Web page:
• Two hands, one knee relay: Place two hands and one knee on the scooter and push forward with you free foot.
  • Kneeling relay: Kneel on your scooter and move forward with your hands only.
  • Stomach relay: Lie on your stomach and use a swimming motion to propel yourself.
  • Seat and Feet Relay: Sit on your seat and move using both your hands and feet.
  • Back Relay: Lay on your back and move using your feet.  Be careful of your hair.
  • Two Hand Relay: Place both hands on the scooter board and move using your two feet.  Be sure to hand off the scooter.
  1.  Indy 500: Divide students into groups of 3 with 2 scooters per group.  Use cones to make an oval track in your gym. Each group has a car name.  The driver sits one scooter with his/her feet on the other, the student who is the motor pushes, and the third student is the pit crew.  The teacher is in the middle and records the laps. When a car has made a lap the pit person runs to the middle and tells the teacher their car name, the teacher will write down a lap for that group.  The group takes turns at the different positions and continues the race. At the end of the class period the group with the most laps is the hot wheels winner.


EQUIPMENT:  One roller racer per squad and cone markers

ACTIVITY: (15-18 min.)

Organization: same as the scooters, except the course is one lap around the gym.  You may set up scones to make the track.

Roller Racers:

  • The roller racers can only be propelled in one way.  To move the racers, the students must move their hands in a side-to-side fashion.  Have the students take turns riding the racers. Have the students ride laps around the gym.  Too add excitement we name this activity the “Roller Racer 500.”
Concerns:  Must be able to move in general space safely and while on the scooters/roller racers. 
This idea is from:  myself


Turkey Feathers


Turkey Feathers

State Standard: 1, 2, & 4

Equipment: Several Scooters (different colors: 4 sets), Several Pool Noodles, Several Scarves (4 sets), and Cones Grade: K-5
Purpose of Event: Teamwork, Cardiovascular Endurance, and Strategy. 
Time: 15-20 minutes
For K-2  I call out a turkey (scooter) color to be “it”. The taggers get to pull other turkeys’ feathers (scarves) and place them in the turkey pen (bucket inside cones) in the middle. Turkeys must enter the turkey pen and do an exercise before they earn their turkey tail feather back. Change tagger color after a few minutes. 

3-5 It is a modified Capture the Flag. I called it Capture the Feather. 4 teams. Each team has to try and pull the other turkey’s feathers off their tail. If their feather gets pulled (2 ways to play here) they go to the turkey pen and do an exercise to get back in the game. Or you can have them stay there until one of their teammates saves them.


Concerns: Students running into one another when they are taking their lap around the mats. 
This idea is from: Michele Morgan Ragsdale



How to set up a Pinterest Board

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What is this thing called Twitter Chat?


Background Information:

When someone tells you they are participating in a twitter chat for professional development (PD) would you have any idea on what they are talking about? This was me a few years ago when I first got onto twitter. A colleague of mine told me (when I was teaching middle school ICT) that some of the best PD they have ever received was by participating in a twitter chat. I ask this person the obvious question, “How and Why?” They explained to me by engaging in a twitter chat they were able to speak and connect with other colleagues (teachers, professors, researchers, and administrators) across the globe and share ideas on how to make their teaching better, how to improve their teaching, and learn student motivation strategies from those who are in the field! Once I returned to the Physical Education (Physed) classroom I asked myself if there were any Physed teachers on twitter and if they participated (or created) in twitter chats specifically geared towards the Physical Education classroom. After a few trial and errors (looking for Physed teachers to follow on twitter) I found several twitter chats for Physed teachers (these chats will be provided at the bottom of this blog post).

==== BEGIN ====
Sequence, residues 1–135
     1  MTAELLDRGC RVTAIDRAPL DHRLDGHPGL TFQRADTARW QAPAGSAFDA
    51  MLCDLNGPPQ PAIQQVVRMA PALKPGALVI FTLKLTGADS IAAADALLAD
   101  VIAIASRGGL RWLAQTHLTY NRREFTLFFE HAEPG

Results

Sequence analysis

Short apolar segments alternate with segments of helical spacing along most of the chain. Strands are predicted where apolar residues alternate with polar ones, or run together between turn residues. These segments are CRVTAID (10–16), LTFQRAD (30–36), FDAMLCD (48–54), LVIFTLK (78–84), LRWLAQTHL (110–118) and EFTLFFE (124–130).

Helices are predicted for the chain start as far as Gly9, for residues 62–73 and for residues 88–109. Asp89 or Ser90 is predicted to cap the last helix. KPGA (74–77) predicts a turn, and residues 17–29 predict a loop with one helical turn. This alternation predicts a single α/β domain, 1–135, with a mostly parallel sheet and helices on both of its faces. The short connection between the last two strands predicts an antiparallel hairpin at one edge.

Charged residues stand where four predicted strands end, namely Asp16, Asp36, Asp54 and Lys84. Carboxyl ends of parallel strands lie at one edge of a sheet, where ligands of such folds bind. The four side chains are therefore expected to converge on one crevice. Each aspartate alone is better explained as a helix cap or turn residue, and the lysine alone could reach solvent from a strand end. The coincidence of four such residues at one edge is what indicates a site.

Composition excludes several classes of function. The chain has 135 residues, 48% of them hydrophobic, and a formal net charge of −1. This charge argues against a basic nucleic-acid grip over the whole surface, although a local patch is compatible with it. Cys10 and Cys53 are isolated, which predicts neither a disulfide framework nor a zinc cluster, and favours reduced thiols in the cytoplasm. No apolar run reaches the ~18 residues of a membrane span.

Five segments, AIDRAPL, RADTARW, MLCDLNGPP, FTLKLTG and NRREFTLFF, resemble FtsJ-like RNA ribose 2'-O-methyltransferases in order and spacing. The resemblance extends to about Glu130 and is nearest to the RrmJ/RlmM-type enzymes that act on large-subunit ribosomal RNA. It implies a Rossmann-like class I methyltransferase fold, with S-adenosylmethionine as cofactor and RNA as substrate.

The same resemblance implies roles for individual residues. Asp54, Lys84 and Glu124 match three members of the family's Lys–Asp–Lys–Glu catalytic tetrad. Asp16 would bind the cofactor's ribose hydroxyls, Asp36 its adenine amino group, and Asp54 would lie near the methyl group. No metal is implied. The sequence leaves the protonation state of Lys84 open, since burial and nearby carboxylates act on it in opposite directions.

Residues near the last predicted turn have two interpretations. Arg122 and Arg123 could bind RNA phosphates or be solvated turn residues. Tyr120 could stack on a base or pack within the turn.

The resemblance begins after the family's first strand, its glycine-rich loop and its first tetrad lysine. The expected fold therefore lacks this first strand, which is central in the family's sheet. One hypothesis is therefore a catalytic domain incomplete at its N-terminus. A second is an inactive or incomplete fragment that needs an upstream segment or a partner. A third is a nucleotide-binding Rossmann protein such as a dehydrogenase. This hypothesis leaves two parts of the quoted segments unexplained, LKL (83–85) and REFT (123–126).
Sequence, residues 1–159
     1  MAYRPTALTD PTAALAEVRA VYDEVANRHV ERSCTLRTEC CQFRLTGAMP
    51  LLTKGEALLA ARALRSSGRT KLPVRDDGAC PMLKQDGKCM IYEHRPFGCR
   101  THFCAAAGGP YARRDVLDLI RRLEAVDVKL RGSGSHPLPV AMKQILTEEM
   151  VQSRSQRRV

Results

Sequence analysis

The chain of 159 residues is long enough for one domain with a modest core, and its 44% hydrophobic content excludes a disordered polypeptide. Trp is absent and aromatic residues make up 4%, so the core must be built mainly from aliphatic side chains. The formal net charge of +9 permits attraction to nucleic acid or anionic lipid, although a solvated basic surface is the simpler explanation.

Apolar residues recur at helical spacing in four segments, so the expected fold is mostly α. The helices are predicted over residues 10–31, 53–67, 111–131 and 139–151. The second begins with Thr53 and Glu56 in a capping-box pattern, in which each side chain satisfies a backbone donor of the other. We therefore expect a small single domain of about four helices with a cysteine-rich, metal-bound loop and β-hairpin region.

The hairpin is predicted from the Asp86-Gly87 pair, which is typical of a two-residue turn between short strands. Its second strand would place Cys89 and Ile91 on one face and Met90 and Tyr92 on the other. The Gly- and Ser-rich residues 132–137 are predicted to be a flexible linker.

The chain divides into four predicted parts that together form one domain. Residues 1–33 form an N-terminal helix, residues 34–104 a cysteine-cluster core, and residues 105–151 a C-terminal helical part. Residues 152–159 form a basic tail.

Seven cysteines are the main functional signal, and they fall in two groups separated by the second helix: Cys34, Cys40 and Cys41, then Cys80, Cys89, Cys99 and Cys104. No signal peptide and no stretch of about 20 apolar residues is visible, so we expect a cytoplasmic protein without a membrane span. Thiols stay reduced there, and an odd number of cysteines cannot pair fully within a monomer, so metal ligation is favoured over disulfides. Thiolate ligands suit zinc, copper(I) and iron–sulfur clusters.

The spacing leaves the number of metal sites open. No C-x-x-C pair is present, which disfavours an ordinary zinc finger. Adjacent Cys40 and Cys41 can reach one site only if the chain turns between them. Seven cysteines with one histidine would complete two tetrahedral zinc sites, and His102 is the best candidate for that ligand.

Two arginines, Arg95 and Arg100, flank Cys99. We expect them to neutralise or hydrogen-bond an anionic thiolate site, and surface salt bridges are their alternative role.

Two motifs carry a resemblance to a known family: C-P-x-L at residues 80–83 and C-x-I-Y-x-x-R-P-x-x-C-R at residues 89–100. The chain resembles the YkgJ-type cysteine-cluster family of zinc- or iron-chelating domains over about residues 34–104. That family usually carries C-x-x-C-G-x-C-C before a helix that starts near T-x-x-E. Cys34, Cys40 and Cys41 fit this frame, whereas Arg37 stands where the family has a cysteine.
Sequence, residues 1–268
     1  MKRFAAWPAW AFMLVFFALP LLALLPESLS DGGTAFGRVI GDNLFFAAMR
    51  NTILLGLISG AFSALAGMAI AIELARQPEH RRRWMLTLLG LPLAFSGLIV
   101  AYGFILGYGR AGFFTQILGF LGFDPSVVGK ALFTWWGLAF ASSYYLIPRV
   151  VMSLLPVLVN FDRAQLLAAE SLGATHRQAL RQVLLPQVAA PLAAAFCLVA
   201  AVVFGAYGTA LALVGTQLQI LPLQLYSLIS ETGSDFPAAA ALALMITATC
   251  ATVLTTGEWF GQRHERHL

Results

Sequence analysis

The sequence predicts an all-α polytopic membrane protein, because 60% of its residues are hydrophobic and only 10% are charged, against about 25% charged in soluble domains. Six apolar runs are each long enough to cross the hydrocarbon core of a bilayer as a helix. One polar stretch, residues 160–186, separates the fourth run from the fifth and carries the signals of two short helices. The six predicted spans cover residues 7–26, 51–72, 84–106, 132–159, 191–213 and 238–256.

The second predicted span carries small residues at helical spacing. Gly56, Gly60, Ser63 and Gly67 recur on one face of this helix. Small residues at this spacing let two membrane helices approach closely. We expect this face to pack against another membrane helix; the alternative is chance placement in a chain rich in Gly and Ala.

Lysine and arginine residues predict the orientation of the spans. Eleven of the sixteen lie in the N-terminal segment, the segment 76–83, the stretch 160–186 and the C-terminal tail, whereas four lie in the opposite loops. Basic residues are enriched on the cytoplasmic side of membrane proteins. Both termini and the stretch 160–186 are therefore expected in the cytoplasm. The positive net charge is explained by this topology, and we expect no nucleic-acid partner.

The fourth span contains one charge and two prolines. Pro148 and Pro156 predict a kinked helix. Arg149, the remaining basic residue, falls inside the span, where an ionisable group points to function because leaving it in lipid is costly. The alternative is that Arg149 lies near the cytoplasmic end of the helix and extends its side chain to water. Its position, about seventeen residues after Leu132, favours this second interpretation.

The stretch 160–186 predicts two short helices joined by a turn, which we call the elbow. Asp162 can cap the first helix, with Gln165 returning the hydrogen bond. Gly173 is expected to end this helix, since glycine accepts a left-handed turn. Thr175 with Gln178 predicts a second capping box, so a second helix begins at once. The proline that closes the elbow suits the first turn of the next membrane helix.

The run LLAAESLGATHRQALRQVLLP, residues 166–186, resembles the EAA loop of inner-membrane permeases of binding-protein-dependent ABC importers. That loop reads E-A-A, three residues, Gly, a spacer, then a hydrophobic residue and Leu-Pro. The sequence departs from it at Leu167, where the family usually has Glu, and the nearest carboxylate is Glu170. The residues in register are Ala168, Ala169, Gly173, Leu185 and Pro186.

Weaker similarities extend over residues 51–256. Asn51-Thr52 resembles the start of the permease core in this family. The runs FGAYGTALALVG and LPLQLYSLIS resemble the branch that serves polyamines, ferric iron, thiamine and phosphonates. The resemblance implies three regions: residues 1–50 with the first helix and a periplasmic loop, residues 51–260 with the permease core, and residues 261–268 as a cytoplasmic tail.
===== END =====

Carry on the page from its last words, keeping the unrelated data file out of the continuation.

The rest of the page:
What is a Twitter Chat?

Essentially, a twitter chat is an online conversation. The chat begins usually through a moderator. The moderator is the person who posts the questions that people are to answer on twitter at the time the chat takes place. The twitter chat usually last about an hour. The questions posted by the moderator are found on their websites or blogs (typically). The amount of questions to be answered can vary depending on the moderator and topic being discussed. This where the “hashtag” comes into play!!! 

Hashtag Time

In order for a twitter chat to begin and have people follow the conversation there MUST be a hashtag. A hashtag is a fancy term for “link”. Tags come from blogging websites. Anytime a blogger “tags” something it makes it a link for readers to click and follow topics under that specific tag. The same goes for twitter (micro-blogging). Anytime some puts a hashtag ==> # in front of word(s) it makes it a link (as shown in the tutorial below) for the people to follow. For example, one popular Physical Education twitter chat is #espechat (Elementary School Physical Education Chat). When this twitter chat is taking place those individuals partaking in the chat must search that specific hashtag on twitter in order to follow the chat ==> Check Image. 

The “Chat”

The chat begins once the moderator posts the first question. Typically, the moderator will label the questions to be answered in this manner ==> Q1 (Question 1), Q2 (Question 2), Q3 (Question 3) and so on. When a person is going to provide an answer to a question on the twitter chat they usually respond in this format ==> A1 (Answer to Question #1), A2 (Answer to Question #2), and A3 (Answer to Question 3). For instance, one of the best twitter chats I follow is the #whatisschool chat via Craig Kemp. He posts the questions prior to the chat’s start time on his blog for followers so they know (ahead of time) what the topic is going to be for that week’s chat. This is previous chat where they discussed the Physed classroom and assessment ==> see image.